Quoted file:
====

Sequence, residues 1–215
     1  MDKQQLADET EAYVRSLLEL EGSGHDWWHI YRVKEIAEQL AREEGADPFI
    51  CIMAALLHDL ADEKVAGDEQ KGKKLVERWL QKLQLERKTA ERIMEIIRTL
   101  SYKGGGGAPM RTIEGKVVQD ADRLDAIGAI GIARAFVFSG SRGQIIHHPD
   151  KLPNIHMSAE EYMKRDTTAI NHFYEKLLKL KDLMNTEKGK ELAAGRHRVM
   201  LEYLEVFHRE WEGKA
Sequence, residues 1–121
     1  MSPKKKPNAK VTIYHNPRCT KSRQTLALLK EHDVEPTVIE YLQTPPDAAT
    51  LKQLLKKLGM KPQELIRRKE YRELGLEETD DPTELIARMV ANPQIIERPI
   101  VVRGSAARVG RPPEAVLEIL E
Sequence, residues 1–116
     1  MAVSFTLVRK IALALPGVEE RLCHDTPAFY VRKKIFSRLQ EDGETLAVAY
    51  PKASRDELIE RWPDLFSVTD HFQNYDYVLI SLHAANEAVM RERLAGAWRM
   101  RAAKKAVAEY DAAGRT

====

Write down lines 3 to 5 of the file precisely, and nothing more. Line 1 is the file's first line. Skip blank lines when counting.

    51  CIMAALLHDL ADEKVAGDEQ KGKKLVERWL QKLQLERKTA ERIMEIIRTL
   101  SYKGGGGAPM RTIEGKVVQD ADRLDAIGAI GIARAFVFSG SRGQIIHHPD
   151  KLPNIHMSAE EYMKRDTTAI NHFYEKLLKL KDLMNTEKGK ELAAGRHRVM